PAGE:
Dave: Can you give me an example?

Steve: So, a state might have laws that allow DTC shipping. That would allow consumers to buy wine online, or be part of a subscription service. When subscription services start becoming popular, you begin to see amendments to the law popping up—you might see, for example, someone wanted to specify that DTC is OK only if the winery doing the shipping produces less than a certain cap. In 2017 we employed local contract lobbyists in 46 different states, and a part of their role was to try to keep their state’s laws DTC friendly, among other things. [We have written extensively on these subscription models before; for background, see here. —Dave]

There’s a lot more we work on, too. We might tackle taxation of wine, extreme DUI laws, or trade practice rules…anything that touches the wine industry.

 

Dave: Well, the DTC stuff is what I find interesting, obviously! So let me ask this: In all your work on DTC laws and compliance, what are you seeing? Where is the industry going? Is it an uphill battle for DTC, or is it time to jump on the bandwagon, for example?

Steve: Great questions. Overall, I’m seeing the industry as a whole growing. Business is beginning to ramp up. That’s due both to growth in existing segments and in new segments.

But you asked about DTC specifically. It is growing, but wineries need to be careful here. It’s not like the tasting rooms and retail locations and restaurants are going to go away. People still like that shopping experience. So people will continue to shop the brick-and-mortar stores in addition to taking advantage of the convenience of online shopping.

Indeed, the way pricing goes, it is sometimes cheaper to purchase from a local retailer than it is to buy online and pay shipping costs. So someone looking into DTC needs to find some smart ways to control those costs and still give the consumer the convenience and experience they want. But I guess that’s where you guys come in!

 

Dave: Yes, we might know a thing or two about shipping wine! And we do a lot of subscription services, wine clubs, that kind of thing. But back to your work: You’re saying that DTC is still going to compete with brick-and-mortar sales?

Steve: That’s part of it. But remember, retailers are allies here, not enemies. It’s very hard, if you are an established winery, to just switch over to DTC. You are probably selling to retailers through the 3-Tier system, and will need to continue to do so. So when a winery is setting its prices, it needs to do so in such a way that the retailers are kept happy as well, so they can continue to do a vibrant business. Wineries can’t undercut those merchants.

 

Dave: That’s very wise, Steve. But it also sounds as if DTC is something of a slow burn. Are you suggesting that wineries stay with what they are doing, and just do DTC “on the side,” so to speak?

Steve: I wouldn’t say that. Every winery is different. A newer, smaller winery might be able to start from scratch selling mostly DTC. It would take a lot of promotion, and maybe contact through social media, but it could be done. [Our last installment of the expert series talked about social media and winery promotion in an interview with Paul Mabry; you can catch it here. —Dave]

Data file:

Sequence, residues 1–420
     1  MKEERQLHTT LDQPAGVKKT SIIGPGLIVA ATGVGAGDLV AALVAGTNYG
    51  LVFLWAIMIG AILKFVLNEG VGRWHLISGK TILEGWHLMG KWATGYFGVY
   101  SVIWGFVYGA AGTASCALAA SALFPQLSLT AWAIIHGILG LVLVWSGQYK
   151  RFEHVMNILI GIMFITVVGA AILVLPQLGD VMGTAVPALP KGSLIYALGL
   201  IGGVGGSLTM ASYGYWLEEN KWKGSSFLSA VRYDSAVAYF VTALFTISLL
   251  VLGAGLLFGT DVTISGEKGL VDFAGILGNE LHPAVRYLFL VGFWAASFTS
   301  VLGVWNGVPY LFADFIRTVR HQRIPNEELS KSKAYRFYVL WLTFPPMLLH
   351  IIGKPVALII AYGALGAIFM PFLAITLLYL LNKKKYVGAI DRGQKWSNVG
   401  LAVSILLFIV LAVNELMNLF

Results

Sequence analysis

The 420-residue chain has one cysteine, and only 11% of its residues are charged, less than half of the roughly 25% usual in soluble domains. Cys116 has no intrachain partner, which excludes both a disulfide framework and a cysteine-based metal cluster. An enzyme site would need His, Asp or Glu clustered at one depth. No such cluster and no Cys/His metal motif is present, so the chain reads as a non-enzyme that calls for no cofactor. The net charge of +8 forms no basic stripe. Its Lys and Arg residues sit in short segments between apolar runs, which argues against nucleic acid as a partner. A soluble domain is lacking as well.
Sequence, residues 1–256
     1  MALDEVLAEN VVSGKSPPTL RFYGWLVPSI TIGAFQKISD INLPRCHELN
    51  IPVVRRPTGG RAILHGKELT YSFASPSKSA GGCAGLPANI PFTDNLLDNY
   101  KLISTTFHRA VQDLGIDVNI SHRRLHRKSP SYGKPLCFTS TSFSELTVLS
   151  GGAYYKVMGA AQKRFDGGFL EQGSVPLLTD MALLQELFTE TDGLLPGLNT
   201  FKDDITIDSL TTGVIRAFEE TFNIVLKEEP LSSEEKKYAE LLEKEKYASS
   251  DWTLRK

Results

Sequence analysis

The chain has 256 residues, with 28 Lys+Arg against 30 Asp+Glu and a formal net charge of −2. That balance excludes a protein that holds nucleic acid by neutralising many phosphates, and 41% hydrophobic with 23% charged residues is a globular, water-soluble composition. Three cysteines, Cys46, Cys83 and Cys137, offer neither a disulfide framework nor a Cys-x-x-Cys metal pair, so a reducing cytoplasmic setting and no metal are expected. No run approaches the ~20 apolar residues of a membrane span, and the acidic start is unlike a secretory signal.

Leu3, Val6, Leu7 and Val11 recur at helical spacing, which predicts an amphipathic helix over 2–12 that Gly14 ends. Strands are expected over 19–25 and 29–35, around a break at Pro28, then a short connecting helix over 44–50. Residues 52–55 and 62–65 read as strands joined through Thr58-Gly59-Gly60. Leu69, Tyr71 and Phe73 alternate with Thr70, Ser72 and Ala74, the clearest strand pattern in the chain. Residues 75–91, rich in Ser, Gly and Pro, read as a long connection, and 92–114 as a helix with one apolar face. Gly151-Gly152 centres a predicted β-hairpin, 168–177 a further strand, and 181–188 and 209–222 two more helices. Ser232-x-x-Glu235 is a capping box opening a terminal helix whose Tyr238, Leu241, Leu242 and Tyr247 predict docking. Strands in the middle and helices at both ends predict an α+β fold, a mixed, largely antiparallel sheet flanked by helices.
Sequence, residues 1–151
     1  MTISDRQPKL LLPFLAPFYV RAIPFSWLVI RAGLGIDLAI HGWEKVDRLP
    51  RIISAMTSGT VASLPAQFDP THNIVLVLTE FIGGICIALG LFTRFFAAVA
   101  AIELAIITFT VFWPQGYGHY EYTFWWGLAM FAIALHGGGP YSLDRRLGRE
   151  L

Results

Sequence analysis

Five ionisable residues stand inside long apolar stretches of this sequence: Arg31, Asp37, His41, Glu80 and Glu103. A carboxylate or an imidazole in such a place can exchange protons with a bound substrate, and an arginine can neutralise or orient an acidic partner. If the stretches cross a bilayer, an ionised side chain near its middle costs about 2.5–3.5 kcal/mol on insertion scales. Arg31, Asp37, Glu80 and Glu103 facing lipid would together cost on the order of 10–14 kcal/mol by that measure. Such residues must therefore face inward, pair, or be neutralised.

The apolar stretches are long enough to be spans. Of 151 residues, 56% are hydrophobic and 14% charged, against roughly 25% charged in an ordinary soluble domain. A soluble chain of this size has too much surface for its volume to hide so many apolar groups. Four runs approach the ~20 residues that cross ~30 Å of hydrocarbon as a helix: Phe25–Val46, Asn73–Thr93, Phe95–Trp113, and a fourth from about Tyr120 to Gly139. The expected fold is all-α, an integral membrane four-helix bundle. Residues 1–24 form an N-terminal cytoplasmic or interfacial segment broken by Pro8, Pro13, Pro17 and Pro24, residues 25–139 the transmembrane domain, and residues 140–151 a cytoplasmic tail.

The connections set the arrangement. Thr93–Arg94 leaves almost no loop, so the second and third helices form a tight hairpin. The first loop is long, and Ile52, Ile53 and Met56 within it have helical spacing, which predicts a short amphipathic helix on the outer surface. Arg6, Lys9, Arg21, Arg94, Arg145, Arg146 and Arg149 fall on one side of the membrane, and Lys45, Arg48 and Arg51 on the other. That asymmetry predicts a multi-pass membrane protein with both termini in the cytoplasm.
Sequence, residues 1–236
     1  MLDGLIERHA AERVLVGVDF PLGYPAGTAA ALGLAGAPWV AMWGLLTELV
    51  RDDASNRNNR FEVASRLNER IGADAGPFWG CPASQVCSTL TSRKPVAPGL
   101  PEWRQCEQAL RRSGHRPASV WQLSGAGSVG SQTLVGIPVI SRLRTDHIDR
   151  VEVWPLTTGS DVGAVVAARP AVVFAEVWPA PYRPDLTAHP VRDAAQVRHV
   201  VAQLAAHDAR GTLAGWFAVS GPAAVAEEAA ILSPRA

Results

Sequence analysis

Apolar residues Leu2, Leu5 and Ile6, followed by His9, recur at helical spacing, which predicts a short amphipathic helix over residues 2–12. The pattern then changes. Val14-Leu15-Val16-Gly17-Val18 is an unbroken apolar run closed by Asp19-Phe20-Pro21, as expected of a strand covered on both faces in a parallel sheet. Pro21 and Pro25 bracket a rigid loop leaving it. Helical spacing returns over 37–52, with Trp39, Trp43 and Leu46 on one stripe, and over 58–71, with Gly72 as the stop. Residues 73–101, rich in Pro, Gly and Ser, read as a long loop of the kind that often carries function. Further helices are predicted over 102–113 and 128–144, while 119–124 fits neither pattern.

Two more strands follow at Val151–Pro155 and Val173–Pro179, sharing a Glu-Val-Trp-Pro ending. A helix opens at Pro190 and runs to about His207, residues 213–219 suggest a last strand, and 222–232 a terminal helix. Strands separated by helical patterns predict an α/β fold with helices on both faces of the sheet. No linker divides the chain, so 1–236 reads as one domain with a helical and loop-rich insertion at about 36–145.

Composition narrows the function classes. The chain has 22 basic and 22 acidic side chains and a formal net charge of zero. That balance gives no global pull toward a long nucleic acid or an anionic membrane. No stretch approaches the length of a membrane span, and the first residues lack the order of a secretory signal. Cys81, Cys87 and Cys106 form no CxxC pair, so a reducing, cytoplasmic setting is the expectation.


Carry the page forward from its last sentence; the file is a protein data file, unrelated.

On the other hand, a more established winery might have a 3-Tier distribution agreement in place. So, if they want to bring on DTC—which they should, given the profit to be had—they need to think hard about their pricing and their shipping rates. They need to keep everyone happy.

 

Dave: And a 3PL, like Copper Peak, can help with that, obviously.

Steve: Of course.

 

Dave: What else do wineries need to think about with DTC?

Steve: Again, compliance. I see enormous room for growth in the wine club and subscription model space—that’s a good thing. But the more visible growth and success there is, the more scrutiny there is going to be. As DTC begins to take off, regulators are going to be taking a closer look. So are competitors.

This means wineries will need to make extra sure they are doing everything in compliance with local and state laws. States appear to be looking more at illegal shipments from retailers at this time, but that is slowly changing.  Wineries who aren’t following the rules are getting caught up in compliance stings more often these days as well.

 

Dave: When you say “a closer look,” what exactly do you mean?

Steve: States are trying harder to make sure folks are in compliance when it comes to the DTC laws that are on the books. This has trickled down to the carriers too; they are taking extra steps to make sure that all wine is being shipped in compliance with state laws. That means that sellers, 3PLs and 3rd Party Shippers will have to make sure they are following their Alcohol Shipping Agreements with the carriers.

 

Dave: Can you give an example?

Steve: Sure. So, private individuals often come to California for a wine tour. And they might buy some bottles here in the state for home consumption. The winery might not be able to ship those if it does not have the proper license.

Anecdotally, we hear of a number of 3rd party shippers that offer those consumers the opportunity to ship their bottles to themselves at home. That practice is getting closer scrutiny – at the state and carrier level too.  Most state laws allow ONLY for shipments from a licensed winery or retailer; there is no provision for a consumer to ship wine to themselves. And there are strict rules on this practice. The carriers and states are both focusing in to make sure that only licensed shippers are sending wine into those states where they can legally do so.